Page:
Throughout college, I’ve developed what I like to call a healthy dose of intolerance for malfunction. I say “healthy” because this intolerance fuels my passion for problem solving as public service. Along with this, however, I’ve also grown an unhealthy theory crutch. I say “unhealthy” because theory is rarely the thing that gets me on my feet and on the ground. The bittersweet thing, now, is that I see similar symptoms present in the vibrant hackathon syndrome of today’s socially relevant technology sphere.
Over the past few years, we’ve seen countless civic hackathon events pop up all over the country in the name of everything from healthcare to elections. In the span of just two days, from May 31 to June 1, last year’s National Day of Civic Hacking sprouted more than 120 events across 103 cities. Adjectives like “broken” or “dysfunctional” are often attached to the theme of the hackathon in event descriptions. Luckily for the new generation, today’s civic hackers are itching to tackle age-old problems like campaign finance and citizen engagement with innovation.
The underlying philosophy of holding hackathons is a no-nonsense one: It’s broken, so let’s fix it. As a generation whose social lives were born into the seemingly perfect color patterns and layouts of no-glitch social networks like Myspace, Facebook, and Twitter, we meet malfunction with confusion and frustration. We wonder why it occurs, and why more isn’t done to fix it. One visit to a civic hackathon will erase any doubt that the confusion and frustration have been healthy and productive. Last year’s Civic Hacking Day produced more than 100 projects alone on important topics such as education, homelessness, the environment, healthcare, and criminal justice.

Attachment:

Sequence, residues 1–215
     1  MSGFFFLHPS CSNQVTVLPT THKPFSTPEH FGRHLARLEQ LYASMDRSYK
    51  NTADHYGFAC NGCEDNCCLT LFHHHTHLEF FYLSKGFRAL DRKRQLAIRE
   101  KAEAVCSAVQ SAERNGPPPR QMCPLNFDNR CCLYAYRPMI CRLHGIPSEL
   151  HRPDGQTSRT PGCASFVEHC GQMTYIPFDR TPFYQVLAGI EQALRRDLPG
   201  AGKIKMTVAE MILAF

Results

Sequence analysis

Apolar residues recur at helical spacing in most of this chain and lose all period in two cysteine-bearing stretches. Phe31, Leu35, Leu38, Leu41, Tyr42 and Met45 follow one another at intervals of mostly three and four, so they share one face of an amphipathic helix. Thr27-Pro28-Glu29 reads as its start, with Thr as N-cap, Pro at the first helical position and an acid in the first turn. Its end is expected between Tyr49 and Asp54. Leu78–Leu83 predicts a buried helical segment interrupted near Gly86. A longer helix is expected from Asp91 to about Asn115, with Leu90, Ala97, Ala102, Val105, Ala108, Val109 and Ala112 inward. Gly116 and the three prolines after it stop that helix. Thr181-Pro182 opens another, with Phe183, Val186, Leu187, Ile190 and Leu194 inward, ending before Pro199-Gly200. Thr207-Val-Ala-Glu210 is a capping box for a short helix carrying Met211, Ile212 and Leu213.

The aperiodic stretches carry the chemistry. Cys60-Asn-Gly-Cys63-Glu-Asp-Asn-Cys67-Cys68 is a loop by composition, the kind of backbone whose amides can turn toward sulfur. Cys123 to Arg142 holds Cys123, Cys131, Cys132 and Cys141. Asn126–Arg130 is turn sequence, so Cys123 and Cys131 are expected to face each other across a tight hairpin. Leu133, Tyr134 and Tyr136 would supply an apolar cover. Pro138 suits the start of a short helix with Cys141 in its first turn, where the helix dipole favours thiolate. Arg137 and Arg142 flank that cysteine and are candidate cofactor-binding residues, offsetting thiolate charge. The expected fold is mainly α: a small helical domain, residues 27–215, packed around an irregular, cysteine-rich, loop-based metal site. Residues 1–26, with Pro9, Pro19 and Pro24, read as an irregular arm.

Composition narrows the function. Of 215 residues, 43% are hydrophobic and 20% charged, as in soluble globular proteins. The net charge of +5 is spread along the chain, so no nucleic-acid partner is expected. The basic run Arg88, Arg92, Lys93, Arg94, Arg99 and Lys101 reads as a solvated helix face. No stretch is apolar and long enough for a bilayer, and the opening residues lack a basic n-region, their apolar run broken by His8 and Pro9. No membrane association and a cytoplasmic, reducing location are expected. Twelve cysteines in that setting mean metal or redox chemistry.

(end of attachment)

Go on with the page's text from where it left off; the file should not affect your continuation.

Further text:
But why do we so rarely see hackathon projects making a truly big impact? If all that developers promise at hackathons on international development, healthcare, and criminal justice had happened, wouldn’t we be living in a utopia?
Many of the most successful civic innovation projects today (look at Google’s public transit and election APIs) have been the result of months or years of the quietly diligent work of setting bridges and leveling out risk among various public and private data holders to build a network of cooperative data standardization. Organizing is a good phrase to describe how the groundwork (and not just in terms of data) for truly impactful civic tech projects is born, and what today’s hackathon projects aren’t doing particularly well.
Nothing is really broken if you think about it. It’s just that people aren’t always good, diligent, creative, and outward-looking. The reason that the 21st century's techno-euphoria relies on technology to change everything in the world is because making new apps and finding points of “disruptive innovation” is easier than changing our fellow human beings.
I’ll end with a story about a civic tech project that is slow, but doing it right in my opinion. The project Open Referral, whose goal is a standardized community resource directory database, has been in the works for quite some time. The proper title for a person behind these projects is not “hacker” but “organizer.” They travel city by city, combing carefully through each one. They form relationships, build bridges, and open people’s imaginations to the impact that their information has on thousands of disadvantaged individuals. At the end of their data organizing campaign, the human chemistry behind their giant database will be quite the mind-blower.
Today’s hackathons are rightly full of the energy, initiative, and frustration that power them. But at the end of the day, the civic apps that come out of these events are no more than the political philosophy papers I churn out as a poli-sci student if they are not built upon and for grassroots initiatives and participation. In the face of technology that has increasingly allowed us to do more with a single click or swipe, we must not forget to sweat for the solutions to our malfunctions.
Jenny J. Choi ’16, is a social studies concentrator in Winthrop House. Her column appears on alternate Thursdays.
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